[Review] Gretel and Hansel (2020)
Gretel and Hansel – A long time ago in a distant fairy tale countryside, a mother descends into madness. Her children, Gretel (Sophia Lillis) and Hansel (Sammy Leakey) now must fend for themselves in the dark and unforgiving woods. Hungry and scared, they fortuitously stumble upon a bounty of food left outside an isolated home by a terrifying evil. Invited inside by this evil, disguised as the seemingly friendly owner, the children soon suspect that her generous but mysterious behavior is part of a sinister plan to do them harm.
Gretel & Hansel (also known as Gretel & Hansel: A Grim Fairy Tale) is a 2020 dark fantasy horror film based on the German folklore tale Hansel and Gretel by the Brothers Grimm. The film is directed by Oz Perkins and produced by Fred Berger, Brian Kavanaugh-Jones, and Dan Kagan, which also had a screenplay by Rob Hayes. Sophia Lillis and Sam Leakey portray the title characters, alongside Charles Babalola, Jessica De Gouw, and Alice Krige. The story follows Gretel and Hansel as they enter a dark wood in order to find work and food, and stumble upon the home of an evil witch.
I have been waiting for this one to come out ever since I saw the first trailer last year. Partly because I’m a huge fan of dark fairy tales and partly because I love all things horror. But I think my main reason was the fact that Oz Perkins was behind the directing, and I really loved his “The Blackcoat’s Daughter” and “I Am The Pretty Thing That Lives In The House” movies and was excited to see what he would do with this fairy tale.
This is a new spin on an old tale. It’s basically about a brother and sister named Hansel and Gretel (or Gretel and Hansel if you want to keep things straight) who are from a very poor family. After Gretel fails to acquire a job, her mother accuses her of not doing her share and forces both children out into the lonely dark forest to fend for themselves. As they attempt to survive on their own, desperately trying to find work and nearly half-starved, they come across a mysterious old house in the woods. Enticed by the luxurious smells from within they go up to the door, unbeknownst to them that an evil old woman lives there.
When she feeds them huge amounts of delicious food, they end up offering her their services to help out with the chores and work around her house. They learn that the old woman who lives there is named Holda (Alice Kringe) and she eventually takes them up on their offer. As they gorge on the food Hansel is promised that he will be trained as a woodsman so that he can earn his way, while Gretel is promised to be taught the old witches ways of magic. However, she quickly realizes that things are not what they seem and soon enough Gretel becomes tormented with the fact that this woman is actually a child-eating witch with evil powers.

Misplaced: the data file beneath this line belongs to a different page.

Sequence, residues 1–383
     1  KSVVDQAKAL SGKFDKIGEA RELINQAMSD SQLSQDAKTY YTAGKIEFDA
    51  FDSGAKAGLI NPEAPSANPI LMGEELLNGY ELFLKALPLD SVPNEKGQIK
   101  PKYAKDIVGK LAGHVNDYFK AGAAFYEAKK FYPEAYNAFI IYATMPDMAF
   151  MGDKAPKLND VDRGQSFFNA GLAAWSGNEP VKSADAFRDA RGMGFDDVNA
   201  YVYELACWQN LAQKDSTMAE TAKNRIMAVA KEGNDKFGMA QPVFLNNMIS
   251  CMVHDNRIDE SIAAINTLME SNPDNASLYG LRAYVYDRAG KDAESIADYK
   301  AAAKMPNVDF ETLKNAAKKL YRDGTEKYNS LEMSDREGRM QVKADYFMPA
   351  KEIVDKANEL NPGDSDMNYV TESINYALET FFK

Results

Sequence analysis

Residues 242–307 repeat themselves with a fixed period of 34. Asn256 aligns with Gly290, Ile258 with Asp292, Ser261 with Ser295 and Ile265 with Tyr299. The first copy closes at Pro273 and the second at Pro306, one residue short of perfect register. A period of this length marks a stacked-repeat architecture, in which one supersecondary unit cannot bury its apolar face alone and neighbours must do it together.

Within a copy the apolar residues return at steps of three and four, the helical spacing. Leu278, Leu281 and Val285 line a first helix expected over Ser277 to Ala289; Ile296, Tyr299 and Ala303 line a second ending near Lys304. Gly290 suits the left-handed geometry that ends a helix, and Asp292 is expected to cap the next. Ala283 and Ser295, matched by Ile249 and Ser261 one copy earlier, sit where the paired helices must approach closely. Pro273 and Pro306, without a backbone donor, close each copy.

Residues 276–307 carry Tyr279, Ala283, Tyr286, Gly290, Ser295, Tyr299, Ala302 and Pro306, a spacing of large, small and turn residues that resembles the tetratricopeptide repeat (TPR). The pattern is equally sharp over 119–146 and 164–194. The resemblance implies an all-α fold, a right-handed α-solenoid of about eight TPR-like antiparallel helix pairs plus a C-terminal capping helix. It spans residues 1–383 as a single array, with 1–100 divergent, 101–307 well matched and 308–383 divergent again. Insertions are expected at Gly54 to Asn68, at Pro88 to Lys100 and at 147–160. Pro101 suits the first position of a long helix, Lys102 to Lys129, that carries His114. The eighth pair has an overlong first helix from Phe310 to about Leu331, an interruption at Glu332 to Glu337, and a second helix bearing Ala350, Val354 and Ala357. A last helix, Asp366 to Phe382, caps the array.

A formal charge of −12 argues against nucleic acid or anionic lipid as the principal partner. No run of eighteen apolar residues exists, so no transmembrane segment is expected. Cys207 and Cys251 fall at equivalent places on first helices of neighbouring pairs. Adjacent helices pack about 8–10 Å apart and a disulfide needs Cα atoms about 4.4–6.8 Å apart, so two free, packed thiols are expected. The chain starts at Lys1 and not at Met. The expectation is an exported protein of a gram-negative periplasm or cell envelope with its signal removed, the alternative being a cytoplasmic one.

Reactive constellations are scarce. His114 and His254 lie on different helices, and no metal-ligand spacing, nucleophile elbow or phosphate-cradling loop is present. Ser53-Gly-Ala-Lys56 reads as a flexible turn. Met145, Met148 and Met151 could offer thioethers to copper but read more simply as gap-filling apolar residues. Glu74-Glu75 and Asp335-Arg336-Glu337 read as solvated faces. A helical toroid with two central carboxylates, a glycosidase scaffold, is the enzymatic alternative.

I’m not going to go into a lot of details on the plot because I think most anyone can get the just of it, but I have to say, I really liked this film, a lot. It’s beautifully done, dark, foreboding, and suspenseful in every way. This truly felt like an incredibly dark occult fairy tale coming to life on the big screen. Because of the excellent cinematography, there are many scenes in this movie that are simply breath-taking, just absolutely gorgeous. There are also many images that are downright creepy. To be honest, there were very few shots in the entire film that didn’t look grim and perfect.
As much as I liked the film, I believe they could have done even more with it, that by making it PG-13, only ended up hurting it in the long run. The horror elements could have definitely been pushed even further at that point. I also feel this film will not be for everyone, as it’s not your traditional horror film style that you’d expect to see in the theaters, especially in January. It’s more suited for something along the lines of those shown at film festivals. Because of this, I think most people will be writing it off as a badly made movie when in truth, it’s brilliantly done and deserves a chance.
If I HAD to pick something to nitpick about, I think it would be over some of the dialog and the accents. I’m honestly not sure what type of accent they were going for because sometimes Hansel’s felt right and you could hear a clear accent, but then Gretel had none at all. Like they were noticeably born in two different countries. They should have had her use an accent because not doing so clearly became distracting, and totally took me out of the intended period settings. Also one scene, in particular, I found hilarious was when the witch knocks a glass onto the floor and says, “another one bites the dust”. Funny, but it completely spoiled the scene.
All in all, Gretel and Hansel was a visually beautiful film from beginning to end. It had its slow moments but I really like slow-burns for the most part. If you enjoyed movies like the Hereditary, Witch, and Midsommar, then there’s a very good chance you will like this one as well. Keep in mind, this is an arthouse film plain and simple. This isn’t your ordinary Conjuring or IT, type of film, it’s one that will allow you to have a few lingering thoughts once you leave the theater. I can highly recommend this film, but not to just anyone. It requires a specific taste and understanding to be truly appreciated…like fine wine.
Title: Gretel & Hansel
Release Date: January 31, 2020
Runtime: 1 hour, 27 minutes
Genre: Horror, Fantasy, Thriller
Studio: Orion Pictures
Starring: Sophia Lillis, Alice Krige, Jessica De Gouw
MPAA Rated: PG-13
Director(s): Osgood (Oz) Perkins
Reviewed by: Grim Magazine
Our Rating: 3.8 /5
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